While accumulating evidence suggests positive effects of exercise on executive function, such effects vary with environment. In particular, exercise in a hypoxic environment (hypobaric or normobaric hypoxia), leading to decreased oxygen supply, may dampen or cancel such effects. Thus, we further explore the relation between the effects of hypoxic exercise on executive function and their underlying neural mechanisms by monitoring changes of cortical activation patterns using functional near-infrared spectroscopy (fNIRS). Fifteen healthy participants performed color-word Stroop tasks (CWST) before and after a 10 min bout of moderate-intensity exercise (50%V̇O2peak) under normoxic and hypoxic conditions (fraction of inspired oxygen (FIO2) = 0.135). During the CWST, we monitored prefrontal activation using fNIRS. CWST performance under hypoxic conditions decreased compared with normoxic conditions. In addition, CWST-related activation in the left dorsolateral prefrontal cortex (DLPFC) was reduced after a bout of hypoxic exercise. There was statistically significant association between decreased CWST performance and activation in the left DLPFC. These results suggest that moderate exercise under normobaric hypoxic conditions has negative effects on executive function by reducing task-related activations in the DLPFC.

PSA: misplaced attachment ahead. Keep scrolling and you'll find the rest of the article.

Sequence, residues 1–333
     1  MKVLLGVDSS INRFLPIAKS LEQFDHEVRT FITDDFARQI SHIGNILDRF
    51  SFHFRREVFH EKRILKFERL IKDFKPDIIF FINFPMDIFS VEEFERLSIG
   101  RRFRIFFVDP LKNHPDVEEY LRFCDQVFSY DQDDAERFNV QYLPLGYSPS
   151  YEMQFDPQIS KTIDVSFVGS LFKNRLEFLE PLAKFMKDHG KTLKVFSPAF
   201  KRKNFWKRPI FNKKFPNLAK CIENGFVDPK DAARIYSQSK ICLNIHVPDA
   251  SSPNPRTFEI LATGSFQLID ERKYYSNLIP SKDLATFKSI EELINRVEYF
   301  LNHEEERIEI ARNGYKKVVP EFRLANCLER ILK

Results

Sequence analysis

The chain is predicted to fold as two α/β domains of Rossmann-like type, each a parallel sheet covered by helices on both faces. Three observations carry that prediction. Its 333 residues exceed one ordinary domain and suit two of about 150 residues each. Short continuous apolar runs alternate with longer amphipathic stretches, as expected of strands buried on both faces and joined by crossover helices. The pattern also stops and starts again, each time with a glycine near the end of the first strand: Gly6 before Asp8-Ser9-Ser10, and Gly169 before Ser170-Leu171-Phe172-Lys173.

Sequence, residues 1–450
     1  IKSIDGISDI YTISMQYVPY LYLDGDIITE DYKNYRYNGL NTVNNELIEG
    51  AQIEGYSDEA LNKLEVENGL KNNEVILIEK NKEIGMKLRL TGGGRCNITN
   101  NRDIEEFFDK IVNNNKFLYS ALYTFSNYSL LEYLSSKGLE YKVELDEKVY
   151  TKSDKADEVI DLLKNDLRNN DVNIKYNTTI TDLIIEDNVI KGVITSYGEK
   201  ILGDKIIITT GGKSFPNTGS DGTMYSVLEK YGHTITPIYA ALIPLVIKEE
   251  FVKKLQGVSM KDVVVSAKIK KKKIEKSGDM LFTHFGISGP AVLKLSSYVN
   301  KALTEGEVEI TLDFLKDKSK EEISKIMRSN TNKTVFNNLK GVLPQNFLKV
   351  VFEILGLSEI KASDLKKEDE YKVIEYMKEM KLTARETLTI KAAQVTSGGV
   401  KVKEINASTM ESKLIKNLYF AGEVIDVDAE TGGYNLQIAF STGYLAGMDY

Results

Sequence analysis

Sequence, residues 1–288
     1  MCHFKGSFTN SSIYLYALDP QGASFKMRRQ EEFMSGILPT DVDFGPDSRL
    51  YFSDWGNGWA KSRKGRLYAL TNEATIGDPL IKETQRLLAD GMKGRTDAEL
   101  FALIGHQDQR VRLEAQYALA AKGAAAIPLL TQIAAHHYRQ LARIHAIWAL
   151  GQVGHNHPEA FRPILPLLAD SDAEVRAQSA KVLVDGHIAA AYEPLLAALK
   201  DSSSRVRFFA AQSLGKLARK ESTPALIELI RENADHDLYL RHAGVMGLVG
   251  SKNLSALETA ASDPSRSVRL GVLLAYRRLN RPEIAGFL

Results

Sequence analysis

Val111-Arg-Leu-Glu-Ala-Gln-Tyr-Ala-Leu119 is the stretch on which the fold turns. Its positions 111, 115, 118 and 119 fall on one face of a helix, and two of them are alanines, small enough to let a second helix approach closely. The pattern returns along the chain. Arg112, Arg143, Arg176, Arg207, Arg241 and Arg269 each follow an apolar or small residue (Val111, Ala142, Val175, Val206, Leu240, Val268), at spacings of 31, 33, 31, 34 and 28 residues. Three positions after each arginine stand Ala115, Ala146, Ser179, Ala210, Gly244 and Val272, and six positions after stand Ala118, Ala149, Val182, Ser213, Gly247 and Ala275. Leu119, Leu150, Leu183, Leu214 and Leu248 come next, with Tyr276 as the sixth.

Neuroimage – Elsevier
Published: May 1, 2018
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